MANHATTAN (CN) — “The Walking Dead” creator Frank Darabont and Creative Artists Agency sued the AMC network for $10 million in licensing fees Thursday, claiming an audit showed AMC hid millions of dollars of revenue through “shady accounting practices.”
Represented by Jerry Bernstein with Blank Rome in New York County Supreme Court, the complaint claims AMC underreported revenue earned by “The Walking Dead” from October 2011 through Sept. 30, 2014.
Darabont sued AMC in 2013 in the same court. That lawsuit is pending Judge Eileen Bransten. The new filing draws from an audit of AMC’s financial records and license records produced during separate, parallel lawsuits against AMC by “The Walking Dead” comic book creator Robert Kirkman and other profit participants, in New York County and Los Angeles Superior Court.
The new complaint states: “Having recently completed its audit of AMC’s accounting records, it is now clear that AMC’s wrongful conduct extends well beyond artificially deflated license fees. In addition to withholding hundreds of millions of dollars from the creators of the hit television series ‘The Walking Dead’ through improper self-dealing, which is the subject of litigation between the parties currently pending in this court, AMC has used a variety of shady accounting practices, described below, to withhold tens of millions more.”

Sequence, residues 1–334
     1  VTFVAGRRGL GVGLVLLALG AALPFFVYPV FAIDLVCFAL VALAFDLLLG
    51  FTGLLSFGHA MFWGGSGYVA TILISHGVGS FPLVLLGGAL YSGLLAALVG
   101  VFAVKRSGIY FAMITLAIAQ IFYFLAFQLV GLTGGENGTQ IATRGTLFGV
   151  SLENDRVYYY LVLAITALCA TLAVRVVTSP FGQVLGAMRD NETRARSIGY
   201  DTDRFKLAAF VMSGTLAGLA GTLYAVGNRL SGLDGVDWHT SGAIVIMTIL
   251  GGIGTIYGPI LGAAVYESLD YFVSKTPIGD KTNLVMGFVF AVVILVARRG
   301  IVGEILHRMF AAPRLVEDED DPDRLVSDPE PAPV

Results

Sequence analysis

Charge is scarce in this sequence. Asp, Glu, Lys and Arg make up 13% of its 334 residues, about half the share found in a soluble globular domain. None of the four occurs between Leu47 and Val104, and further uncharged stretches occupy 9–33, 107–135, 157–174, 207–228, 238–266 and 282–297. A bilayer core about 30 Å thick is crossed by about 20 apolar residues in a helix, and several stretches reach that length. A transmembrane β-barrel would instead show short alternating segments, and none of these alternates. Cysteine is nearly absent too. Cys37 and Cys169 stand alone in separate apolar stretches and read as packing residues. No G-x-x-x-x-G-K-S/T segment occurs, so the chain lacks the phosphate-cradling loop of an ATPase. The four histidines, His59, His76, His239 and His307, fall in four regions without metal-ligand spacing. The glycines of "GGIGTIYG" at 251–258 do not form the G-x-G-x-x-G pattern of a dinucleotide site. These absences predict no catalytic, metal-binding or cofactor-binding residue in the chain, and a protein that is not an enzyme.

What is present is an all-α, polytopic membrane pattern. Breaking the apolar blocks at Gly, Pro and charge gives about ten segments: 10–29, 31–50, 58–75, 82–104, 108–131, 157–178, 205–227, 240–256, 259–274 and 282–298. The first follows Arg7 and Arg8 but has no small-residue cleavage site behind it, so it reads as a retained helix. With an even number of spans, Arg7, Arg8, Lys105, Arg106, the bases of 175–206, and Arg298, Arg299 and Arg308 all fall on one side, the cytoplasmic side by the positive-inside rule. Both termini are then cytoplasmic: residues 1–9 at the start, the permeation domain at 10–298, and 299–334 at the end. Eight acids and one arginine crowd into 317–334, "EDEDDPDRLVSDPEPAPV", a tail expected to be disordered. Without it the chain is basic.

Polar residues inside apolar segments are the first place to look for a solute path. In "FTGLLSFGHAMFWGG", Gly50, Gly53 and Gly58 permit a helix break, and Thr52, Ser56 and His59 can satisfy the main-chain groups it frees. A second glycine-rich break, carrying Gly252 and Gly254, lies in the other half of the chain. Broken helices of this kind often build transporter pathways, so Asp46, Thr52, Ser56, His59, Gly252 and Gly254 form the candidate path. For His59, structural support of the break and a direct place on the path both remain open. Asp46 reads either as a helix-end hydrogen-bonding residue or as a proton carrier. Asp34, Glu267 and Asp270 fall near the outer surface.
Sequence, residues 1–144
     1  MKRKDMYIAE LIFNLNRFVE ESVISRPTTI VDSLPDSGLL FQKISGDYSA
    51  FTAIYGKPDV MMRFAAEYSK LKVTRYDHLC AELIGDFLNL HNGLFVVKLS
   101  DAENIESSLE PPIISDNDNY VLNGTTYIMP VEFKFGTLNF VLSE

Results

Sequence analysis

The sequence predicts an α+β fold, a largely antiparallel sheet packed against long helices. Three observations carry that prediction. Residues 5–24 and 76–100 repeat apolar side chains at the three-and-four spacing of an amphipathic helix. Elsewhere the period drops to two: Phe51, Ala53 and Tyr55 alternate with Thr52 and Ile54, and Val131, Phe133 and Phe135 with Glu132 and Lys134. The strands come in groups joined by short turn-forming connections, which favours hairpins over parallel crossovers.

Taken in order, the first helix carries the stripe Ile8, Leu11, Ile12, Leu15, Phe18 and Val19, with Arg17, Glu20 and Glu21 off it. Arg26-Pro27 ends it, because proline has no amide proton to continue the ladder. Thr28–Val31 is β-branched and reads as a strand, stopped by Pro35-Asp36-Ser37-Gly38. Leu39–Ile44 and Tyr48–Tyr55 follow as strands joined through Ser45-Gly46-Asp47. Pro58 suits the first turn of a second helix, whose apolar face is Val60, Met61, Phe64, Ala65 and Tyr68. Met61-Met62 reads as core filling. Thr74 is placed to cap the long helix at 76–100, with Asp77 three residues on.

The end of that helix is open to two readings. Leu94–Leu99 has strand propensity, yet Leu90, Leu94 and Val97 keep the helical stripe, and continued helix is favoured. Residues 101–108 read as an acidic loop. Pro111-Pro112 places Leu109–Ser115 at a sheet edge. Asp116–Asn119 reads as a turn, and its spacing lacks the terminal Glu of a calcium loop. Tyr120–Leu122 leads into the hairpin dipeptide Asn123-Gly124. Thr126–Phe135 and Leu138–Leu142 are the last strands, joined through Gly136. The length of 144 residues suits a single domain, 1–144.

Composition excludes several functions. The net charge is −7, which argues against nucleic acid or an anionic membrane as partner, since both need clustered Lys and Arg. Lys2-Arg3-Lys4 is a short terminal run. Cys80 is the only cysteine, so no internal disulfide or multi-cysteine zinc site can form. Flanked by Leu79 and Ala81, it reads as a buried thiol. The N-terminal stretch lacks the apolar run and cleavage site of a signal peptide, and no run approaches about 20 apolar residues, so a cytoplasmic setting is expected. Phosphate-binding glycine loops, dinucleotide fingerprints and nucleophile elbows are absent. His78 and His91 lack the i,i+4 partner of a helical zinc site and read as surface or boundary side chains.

Kirkman’s agreement with AMC showed that the network had a different self-dealing provision than it did with Darabont, which required that AMC to use an actual license fee, rather than an imputed license fee, for all its transactions with affiliates, and that this actual license fee is subject to self-dealing protection, requiring arms-length, fair market license fees, according to the new, 27-page complaint.
AMC Networks attorney Orin Snyder, with Gibson, Dunn & Crutcher, responded to the new lawsuit with heat: “At the heart of this lawsuit — and all the litigation related to ‘The Walking Dead’ — is the greed of CAA. Their goal is every dollar for themselves, with total disregard for contracts, clients, fairness or even basic decency.
“This is just another opportunistic lawsuit orchestrated by the most powerful lawyers and Hollywood agents seeking an unjustified windfall and we are confident that it will be defeated in court.”
Snyder added: “AMC was the only network willing to take a risk on ‘The Walking Dead,’ after many others passed. AMC has been an honest steward of the series and has paid all of its creative partners handsomely and appropriately.”
But Darabont and CAA claim that AMC reported only 20 percent of its earnings from licensing the show to Apple, concealing $18 million in licensing the show to electronic platform and underreported licensing from Fox International Channels by $2.8 million.
They say AMC also concealed $3.4 million of gross receipts from merchandise and licensing from brand management firm Striker Entertainment LLC.
During the audit period, AMC also failed to account for more than $1.5 million from product integration fees from Gerber and Hyundai, according to the complaint.
Darabont and CAA say they will conduct a supplemental audit of all profit participation statements following the previous audit period that ended Sept. 30, 2014.
Darabont’s 2013 lawsuit against AMC seeks $280 million in damages.
That trial is tentatively set for this year.